This year, I celebrated my not-so-welcomed 35th birthday. My life hadn't turned out exactly like I had planned. Divorced, over-weight, still in school, and a smoker wasn't exactly the me I had aspired to be. I decided it was a good time to make a few resolutions.
I was already losing weight, I couldn't make school go any faster, and I couldn't undo my divorce even if I wanted to, which I most definitely did not. So, I settled on quitting smoking. It's a nasty little habit that makes your teeth yellow, your breath and your clothes stink, and really isn't very attractive. But I had lost family members to lung cancer and that meant that I was at a higher risk of developing it myself. I had to stop.
It isn't an easy thing to do. The truth is that it is an addiction - and not just to the nicotine. Nothing beats a warm cup of coffee and a cigarette on a chilly morning. The physical and emotional connection is just as bad as the chemical one.
I don't know how, but I managed to break the habit. The process of quitting left me plenty of time for a little soul searching and a lot of moments where I desperately wanted a smoke. So for all those people out there who are trying to stop and finding it difficult, I just want you to know you are not alone.
and breathe in the toxic intoxication of grey whispers
floating out the end of my burning world.
Loved ones tell me to stop
because the white javelin is a murderous lot who plays with death
and ticks my lungs into feeling full.
But I don't want to stop
when my head spins and heart calms at every intake,
a rush which nothing else can match.
They didn't stop,
mom's mom and dad's dad, foremothers and fathers
now dead from this addiction.
So I know I must
Saturday, December 17, 2011
Wednesday, December 14, 2011
When 2011 began, I weighed a staggering 240 lbs. Yes, horrible, I know. But over the last year, I've lost about 43 lbs. This is nothing new for me. Don't get me wrong, everytime I gain weight my highest number gets even higher and it takes longer to get it back off. If you looked at a chart of my weight over the past 20 years, it would look like one of those paper scrolls that shoots out of the machine which moniters someone's heart rate - lots of peaks and valleys.
I'm hoping this last time will stick for good. Thanks to an invaluable program (which I will be glad to give you the name of if you email me) I'm learning new habits, not just dieting. And it helps that I'm exercising fairly regularly, too. I'm not blind to the fact that I was not making the healthiest of choices.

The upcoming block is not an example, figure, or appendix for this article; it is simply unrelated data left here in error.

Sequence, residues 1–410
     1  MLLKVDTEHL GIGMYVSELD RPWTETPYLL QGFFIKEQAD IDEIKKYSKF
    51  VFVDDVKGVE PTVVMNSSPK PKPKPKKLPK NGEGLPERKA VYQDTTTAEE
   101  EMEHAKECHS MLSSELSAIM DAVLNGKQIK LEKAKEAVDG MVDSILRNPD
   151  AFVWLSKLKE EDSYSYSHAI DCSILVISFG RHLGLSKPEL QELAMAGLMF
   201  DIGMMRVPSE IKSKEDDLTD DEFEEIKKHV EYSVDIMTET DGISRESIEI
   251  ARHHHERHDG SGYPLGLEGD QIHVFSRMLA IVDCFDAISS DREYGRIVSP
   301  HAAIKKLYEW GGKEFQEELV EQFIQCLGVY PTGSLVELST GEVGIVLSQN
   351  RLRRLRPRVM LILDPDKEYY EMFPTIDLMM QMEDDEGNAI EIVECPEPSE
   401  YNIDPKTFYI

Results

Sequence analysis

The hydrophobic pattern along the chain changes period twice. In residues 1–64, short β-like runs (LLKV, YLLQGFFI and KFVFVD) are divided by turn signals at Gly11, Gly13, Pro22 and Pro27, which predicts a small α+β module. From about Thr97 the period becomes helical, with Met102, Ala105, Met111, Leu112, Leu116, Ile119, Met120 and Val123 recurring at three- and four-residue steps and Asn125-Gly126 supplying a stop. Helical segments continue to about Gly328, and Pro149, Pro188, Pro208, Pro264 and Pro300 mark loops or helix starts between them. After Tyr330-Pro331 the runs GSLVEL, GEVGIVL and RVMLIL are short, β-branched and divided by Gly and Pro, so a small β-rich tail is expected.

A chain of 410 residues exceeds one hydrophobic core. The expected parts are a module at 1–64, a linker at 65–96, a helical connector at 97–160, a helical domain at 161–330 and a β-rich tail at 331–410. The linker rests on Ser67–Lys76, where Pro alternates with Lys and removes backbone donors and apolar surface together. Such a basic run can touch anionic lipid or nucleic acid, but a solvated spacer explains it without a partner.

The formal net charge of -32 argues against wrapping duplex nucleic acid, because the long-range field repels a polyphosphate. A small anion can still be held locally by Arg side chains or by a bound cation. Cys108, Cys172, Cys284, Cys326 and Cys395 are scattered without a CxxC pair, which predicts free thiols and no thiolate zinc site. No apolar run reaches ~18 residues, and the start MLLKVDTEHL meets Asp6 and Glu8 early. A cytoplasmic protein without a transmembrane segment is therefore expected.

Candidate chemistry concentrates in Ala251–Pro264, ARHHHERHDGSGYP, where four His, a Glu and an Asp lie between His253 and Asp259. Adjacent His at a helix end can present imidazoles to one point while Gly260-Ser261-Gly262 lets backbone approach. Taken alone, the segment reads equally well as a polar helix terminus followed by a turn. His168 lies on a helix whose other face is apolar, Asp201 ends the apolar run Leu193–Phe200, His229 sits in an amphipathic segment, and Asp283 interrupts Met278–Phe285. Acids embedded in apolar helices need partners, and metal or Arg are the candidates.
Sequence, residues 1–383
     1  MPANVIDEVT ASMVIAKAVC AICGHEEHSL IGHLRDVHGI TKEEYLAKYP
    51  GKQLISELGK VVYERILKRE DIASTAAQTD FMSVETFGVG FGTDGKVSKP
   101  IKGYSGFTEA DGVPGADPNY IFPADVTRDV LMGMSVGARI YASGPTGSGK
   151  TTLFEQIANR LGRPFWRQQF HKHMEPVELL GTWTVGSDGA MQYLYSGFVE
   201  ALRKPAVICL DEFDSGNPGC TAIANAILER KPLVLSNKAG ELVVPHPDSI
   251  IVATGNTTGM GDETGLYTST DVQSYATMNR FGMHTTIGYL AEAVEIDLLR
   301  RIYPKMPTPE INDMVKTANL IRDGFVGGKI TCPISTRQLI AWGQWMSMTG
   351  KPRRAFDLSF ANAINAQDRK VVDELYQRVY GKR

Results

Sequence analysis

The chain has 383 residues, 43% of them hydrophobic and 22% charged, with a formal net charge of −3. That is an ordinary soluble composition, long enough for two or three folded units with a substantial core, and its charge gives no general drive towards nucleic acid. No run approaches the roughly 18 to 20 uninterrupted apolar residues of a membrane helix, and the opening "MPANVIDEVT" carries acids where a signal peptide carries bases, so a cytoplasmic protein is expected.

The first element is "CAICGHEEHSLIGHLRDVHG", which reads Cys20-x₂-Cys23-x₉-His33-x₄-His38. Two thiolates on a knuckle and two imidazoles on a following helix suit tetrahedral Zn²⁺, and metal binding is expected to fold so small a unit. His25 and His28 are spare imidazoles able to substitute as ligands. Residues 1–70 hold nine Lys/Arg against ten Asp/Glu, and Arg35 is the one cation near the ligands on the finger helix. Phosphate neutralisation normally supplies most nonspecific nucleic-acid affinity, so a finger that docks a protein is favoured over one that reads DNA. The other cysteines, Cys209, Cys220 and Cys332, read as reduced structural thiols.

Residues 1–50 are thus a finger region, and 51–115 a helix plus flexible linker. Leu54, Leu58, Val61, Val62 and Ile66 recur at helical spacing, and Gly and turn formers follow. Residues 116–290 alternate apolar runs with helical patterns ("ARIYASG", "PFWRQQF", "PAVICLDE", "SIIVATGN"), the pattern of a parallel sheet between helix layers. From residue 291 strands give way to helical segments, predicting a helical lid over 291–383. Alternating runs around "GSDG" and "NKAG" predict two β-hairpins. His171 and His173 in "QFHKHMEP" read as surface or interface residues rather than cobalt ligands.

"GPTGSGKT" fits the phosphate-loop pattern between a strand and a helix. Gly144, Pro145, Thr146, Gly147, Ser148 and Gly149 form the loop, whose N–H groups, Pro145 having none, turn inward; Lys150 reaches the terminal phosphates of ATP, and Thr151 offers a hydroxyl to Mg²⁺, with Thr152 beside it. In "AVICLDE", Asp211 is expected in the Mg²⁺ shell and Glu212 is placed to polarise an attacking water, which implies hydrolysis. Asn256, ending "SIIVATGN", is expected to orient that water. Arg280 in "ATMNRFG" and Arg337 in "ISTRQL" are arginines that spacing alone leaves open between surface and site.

Of course, I also know that I'll never be a juniors size 5 like my sister. My body doesn't work that way. About ten years ago, I lost from 230 down to about 150, which was REALLY good for me. But maintaining it took way more effort than I was willing to give. I was eating only three very small meals everyday that consisted mostly of lettuce and working out three hours a day. I finally asked myself if I was happy. The answer was a resounding no.
How was I supposed to enjoy my new body if all I did was eat lettuce and exercise? Any time I had outside of work I spent working out. I was absolutely miserable. I wanted real food, like chicken. It didn't even have to be fried, I'd settle for grilled. The problem was anytime I ate what, for most people, was an average meal I would gain weight. I gained weight eating 3 oz of grilled chicken. HUH?
Several years later, I had a friend politely tell me that fat people were fat because they didn't put any effort into it. I wanted to slap him. He weighed like 95 lbs and ate like a horse. "It's simple," he said. "Just don't over-eat." Right. Cause every body is the same. Not.
I've learned that my body doesn't work like everyone else's. My goal now has very little to do with weight. The numbers I care about are on my medical charts. As long as I can maintain those numbers and live a normal life, then I'm happy. Anything more is just a perk.
Tuesday, December 13, 2011
Sunday, December 11, 2011
"After all, life is but a ride. And we can take a chance and choose to get on, or stand aside and watch others enjoy life while we wonder what it must be like to truly live in this world."
-from "The Ferris Wheel"
Throughout my life, I've always imagined my own world and tried to share it with others. However, the act of putting it on paper (or, in this case, on screen) has been a difficult task for me. For starters, I harbor an insane fear that the world I put on paper could never be as vivid as the one in my head. I suppose this is true for most writers. My stories would sometimes get told, but seldom made it into any semblance of a final piece of work. But here I am, taking a leap, and attempting to transform my imagined realities into the written word.
When writing, whether its a novel or poem or blog, my ultimate goal is to take my reader on a ride. I want them to experience the world I live in, real or imaginary, and take away a valuable lesson. I want my reader to connect with the characters and the realities that I've created. I want them to wrap their arms around the characters and become their friends. As you read this blog, I hope you are taken on a ride. And I hope that you enjoy being in the middle of this journey as much as I do.